Here’s how we can embrace the exponential growth scenario and welcome more women into the supply chain sector.
Develop and Empower Women in the Supply Chain Sector
Sometimes, future leaders are selected because they look and think like the leaders selecting them. This is what social scientists call homophily or “love of the same.” As we see in the supply chain sector, with a large gender imbalance at the manager level, homophily will likely create “more of the same” leaders without intentional shifts from the default.
We can disrupt this pattern by challenging our leadership networks. Chances are good that the top25 people in our leadership circles look similar. Once we start seeking those who don’t look and think like us, we begin to understand and appreciate how much value these different voices bring. Seek diverse voices out, invite them in, and celebrate their work. Workforce diversity is personal for me. As the father of two daughters, I want to help shape a future where women’s ideas and talents will be sought and appreciated. Within my organization, I’m equally passionate about celebrating women’s leadership.
Recently, Kathy Makranyi, global head of marketing and VP for LevaData, was named as a recipient of the 2023 Women In Supply Chain Award by Food Logistics and Supply & Demand Chain Executive. This important award honors female supply chain leaders and executives whose accomplishments, mentorship, and examples set a foundation for women at all levels of a company’s supply chain network. The interesting shift in this year’s award is that more than 25 percent of the nominators were male. We need more men to acknowledge and celebrate women's professional accomplishments!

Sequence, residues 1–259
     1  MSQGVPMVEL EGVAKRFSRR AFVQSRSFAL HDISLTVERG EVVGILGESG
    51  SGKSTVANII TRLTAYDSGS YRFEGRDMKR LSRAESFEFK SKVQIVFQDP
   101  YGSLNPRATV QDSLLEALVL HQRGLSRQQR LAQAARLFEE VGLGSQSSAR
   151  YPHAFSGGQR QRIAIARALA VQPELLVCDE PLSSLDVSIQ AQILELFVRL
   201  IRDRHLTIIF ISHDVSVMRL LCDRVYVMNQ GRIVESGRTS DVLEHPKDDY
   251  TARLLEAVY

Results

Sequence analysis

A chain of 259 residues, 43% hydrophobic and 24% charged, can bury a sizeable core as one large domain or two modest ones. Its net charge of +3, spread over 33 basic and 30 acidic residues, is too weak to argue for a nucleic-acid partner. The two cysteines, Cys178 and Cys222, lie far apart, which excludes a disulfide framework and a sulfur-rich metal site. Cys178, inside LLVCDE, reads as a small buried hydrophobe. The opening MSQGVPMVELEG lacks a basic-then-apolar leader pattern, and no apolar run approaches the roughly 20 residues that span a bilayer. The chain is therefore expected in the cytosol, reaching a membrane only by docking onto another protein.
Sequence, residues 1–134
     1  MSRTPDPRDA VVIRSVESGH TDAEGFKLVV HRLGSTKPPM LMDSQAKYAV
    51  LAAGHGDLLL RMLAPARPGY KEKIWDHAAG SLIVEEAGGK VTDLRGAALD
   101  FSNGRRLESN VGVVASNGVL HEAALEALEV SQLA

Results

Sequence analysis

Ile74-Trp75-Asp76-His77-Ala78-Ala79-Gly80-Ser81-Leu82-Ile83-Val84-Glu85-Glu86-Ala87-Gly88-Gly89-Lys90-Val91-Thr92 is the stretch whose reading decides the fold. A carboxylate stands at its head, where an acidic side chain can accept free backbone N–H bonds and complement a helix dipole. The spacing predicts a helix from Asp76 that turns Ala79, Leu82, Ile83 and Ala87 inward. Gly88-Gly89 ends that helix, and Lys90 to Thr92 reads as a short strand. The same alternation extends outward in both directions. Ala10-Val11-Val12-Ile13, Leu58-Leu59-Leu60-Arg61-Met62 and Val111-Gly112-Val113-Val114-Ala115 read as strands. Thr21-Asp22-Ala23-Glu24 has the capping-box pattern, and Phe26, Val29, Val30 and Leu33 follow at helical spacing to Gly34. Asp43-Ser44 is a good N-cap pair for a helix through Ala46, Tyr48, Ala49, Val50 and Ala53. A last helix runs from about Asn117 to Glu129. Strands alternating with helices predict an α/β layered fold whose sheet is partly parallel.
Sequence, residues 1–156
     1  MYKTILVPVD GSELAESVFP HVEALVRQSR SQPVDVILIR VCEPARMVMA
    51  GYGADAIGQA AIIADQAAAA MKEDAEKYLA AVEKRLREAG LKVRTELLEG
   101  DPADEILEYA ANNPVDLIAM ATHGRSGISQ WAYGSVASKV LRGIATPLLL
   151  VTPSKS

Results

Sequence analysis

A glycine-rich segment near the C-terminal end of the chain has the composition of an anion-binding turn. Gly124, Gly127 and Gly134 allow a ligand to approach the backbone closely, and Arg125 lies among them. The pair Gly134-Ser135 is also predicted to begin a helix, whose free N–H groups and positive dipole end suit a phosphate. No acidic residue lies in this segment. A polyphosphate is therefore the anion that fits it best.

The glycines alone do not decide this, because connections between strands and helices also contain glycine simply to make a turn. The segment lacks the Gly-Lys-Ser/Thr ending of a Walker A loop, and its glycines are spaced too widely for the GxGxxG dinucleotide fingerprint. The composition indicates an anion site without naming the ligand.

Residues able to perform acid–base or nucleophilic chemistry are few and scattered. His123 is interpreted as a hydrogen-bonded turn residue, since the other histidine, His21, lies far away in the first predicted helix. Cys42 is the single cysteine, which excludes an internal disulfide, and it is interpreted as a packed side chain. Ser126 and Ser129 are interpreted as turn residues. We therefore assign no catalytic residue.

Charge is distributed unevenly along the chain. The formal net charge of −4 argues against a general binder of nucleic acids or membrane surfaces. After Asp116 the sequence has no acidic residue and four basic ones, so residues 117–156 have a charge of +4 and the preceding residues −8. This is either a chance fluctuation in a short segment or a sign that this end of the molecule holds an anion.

Getting More Women Back into Supply Chain Roles
One of the biggest challenges in conquering the gender gap lies with retaining mid-career women in supply chain roles. When women leave the workforce to have children, what can we do to help them reenter supply chain roles? Schedule flexibility, mentoring, and return-to-work programs that provide opportunities for sharpening skills or learning new technologies rank high among women returning to the workforce.
Think about it. The supply chain sector is struggling to attract the workers we need. Women comprise approximately fifty percent of the population yet hold only 41 percent of the supply chain workforce. Attracting and retaining more women in the supply chain workforce means organizations will create more diversity of thought, enjoy better collaboration, and improve financial metrics. To start, companies need to set goals for engaging mid-career women and supporting them in returning to their supply chain roles.
Be the Change
Leaders set the tone for the entire organization. If we truly want to embrace a more diverse workplace and enjoy the value it brings to our organizations and our customers, we must lead by example. I hope you can join me for my DPW keynote session with Dyson’s Chief Supply Chain Officer Michelle Shi-Verdaasdonk, where I will share news about our company’s commitment to future generations of women in the supply chain sector.
The supply chain workforce of the future will look nothing like it does today, which is a good thing. With a commitment to creating a diverse workforce and the foresight to embrace new technologies and ways of working, we will shape a new mindset. As part of that shift, we’ll welcome more women into the supply chain sector than ever before. Our organizations will be more flexible, collaborative, and empathic. We will provide more value to our organizations and customers. The shifts we make now will determine whether we can either enjoy exponential growth or endure structural collapse in the near future.